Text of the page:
In the present times, we are profusely misusing words like unity, equality, freedom, etc. It does not mean that these words do not have any meaning; they indeed have a beautiful meaning. People are merely uttering these words without understanding their true meaning, and with nary a thought to propriety or circumstance. It is similar to tying up the Gītā in a cloth (Texts with powerful mantras are to be tied in silk cloth and kept safe from prying eyes and hands), noting that Bhagavān said —

idaṃ te nātapaskāya nābhaktāya kadācana ॥

BG 18.67

This is a great sentence, pregnant with meaning. The word “equality” is like that. It is easy to misunderstand it. One must therefore be careful. Diversity and inequality are the arrangement of prakṛti. Because of them, people need one another, through which friendship and respect grows among people. Swami alludes to this wonderful principle in the chapter about karmayoga:

parasparaṃ bhāvayantaḥ śreyaḥ param avāpsyatha ॥

BG 3.11

Some disparity is seen in the system of varṇas and karma. Descriptions such as  — brāhmaṇa is the mouth, kṣatriyas are the shoulders, vaiśyas are the thighs and śudras are the feet — have become cause for objection. The objection is born of unthinking folly. From the point of view of the society, all karmas are equally required. What is the objective here? Firstly, the impurity of the three guṇas in an individual should erode. Secondly, his capability and strengths should flourish; thirdly, the workplace for these two objectives is to transact with the world. Fourthly, the world should benefit from the expression of his qualities and strengths. Thus, the objectives of a dharmic karma are individual elevation and the well-being of the whole world. From this perspective, an individual’s wealth, prestige, and authority are not very important. Service to the whole world is important; service to the divine is important; one’s own profit and prestige are not. The path of our karma is what agrees with our nature.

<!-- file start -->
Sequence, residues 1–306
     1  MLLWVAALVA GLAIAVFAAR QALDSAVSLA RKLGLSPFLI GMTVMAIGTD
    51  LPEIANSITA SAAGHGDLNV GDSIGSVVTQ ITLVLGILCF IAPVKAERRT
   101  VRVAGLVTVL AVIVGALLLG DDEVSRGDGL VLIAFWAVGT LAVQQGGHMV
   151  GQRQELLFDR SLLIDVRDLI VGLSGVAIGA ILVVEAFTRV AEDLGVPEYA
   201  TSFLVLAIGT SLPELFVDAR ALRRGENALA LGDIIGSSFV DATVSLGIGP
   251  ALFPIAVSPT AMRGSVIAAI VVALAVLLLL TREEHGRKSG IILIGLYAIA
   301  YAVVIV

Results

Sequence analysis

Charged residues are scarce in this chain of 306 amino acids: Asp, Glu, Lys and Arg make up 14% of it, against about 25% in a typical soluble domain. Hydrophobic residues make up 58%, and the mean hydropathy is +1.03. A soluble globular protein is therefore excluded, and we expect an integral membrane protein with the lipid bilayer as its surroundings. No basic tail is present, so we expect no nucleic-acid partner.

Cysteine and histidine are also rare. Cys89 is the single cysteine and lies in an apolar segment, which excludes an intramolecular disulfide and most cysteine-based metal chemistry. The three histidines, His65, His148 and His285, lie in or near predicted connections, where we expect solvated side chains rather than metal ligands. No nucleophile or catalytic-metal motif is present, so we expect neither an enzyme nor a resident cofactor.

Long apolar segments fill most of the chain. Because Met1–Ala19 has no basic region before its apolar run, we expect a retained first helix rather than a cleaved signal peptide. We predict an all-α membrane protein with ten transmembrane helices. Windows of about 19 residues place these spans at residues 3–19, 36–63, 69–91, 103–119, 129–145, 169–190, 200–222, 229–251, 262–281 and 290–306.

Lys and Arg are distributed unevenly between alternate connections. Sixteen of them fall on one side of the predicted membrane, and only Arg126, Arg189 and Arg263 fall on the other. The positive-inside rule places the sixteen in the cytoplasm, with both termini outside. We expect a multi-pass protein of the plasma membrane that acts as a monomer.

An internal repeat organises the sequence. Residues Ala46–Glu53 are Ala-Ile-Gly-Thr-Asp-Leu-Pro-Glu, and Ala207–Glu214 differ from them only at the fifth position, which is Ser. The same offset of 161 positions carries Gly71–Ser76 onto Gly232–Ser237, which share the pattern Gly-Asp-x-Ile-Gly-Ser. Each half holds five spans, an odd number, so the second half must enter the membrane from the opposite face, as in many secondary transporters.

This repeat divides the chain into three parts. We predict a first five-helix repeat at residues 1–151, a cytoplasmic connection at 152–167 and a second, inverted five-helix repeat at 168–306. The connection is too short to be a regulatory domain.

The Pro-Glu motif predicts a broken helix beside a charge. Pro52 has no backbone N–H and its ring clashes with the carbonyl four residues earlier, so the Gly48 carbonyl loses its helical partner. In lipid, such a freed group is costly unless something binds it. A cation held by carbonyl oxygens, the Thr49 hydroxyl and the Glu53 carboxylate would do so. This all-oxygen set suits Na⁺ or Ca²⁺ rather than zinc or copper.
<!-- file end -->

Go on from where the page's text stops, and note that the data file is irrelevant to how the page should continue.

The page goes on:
To be continued...

The present series is a modern English translation of DVG’s Kendra Sahitya Akademi Award-winning work, Bhagavad-gītā-tātparya or Jīvana-dharma-yoga. The translators wish to express their thanks to Śatāvadhāni R Ganesh for his valuable feedback and to Hari Ravikumar for his astute edits.

Author(s)

About:

Devanahalli Venkataramanayya Gundappa (1887-1975) was a great visionary and polymath. He was a journalist, poet, art connoisseur, philosopher, political analyst, institution builder, social commentator, social worker, and activist.

Translator(s)

About:

Engineer. Lapsed blogger. Abiding interest in Sanskrit, religion, and philosophy. A wannabe jack-of-all.

About:

Mother of two. Engineer. Worshiper of Indian music, poetry, and art.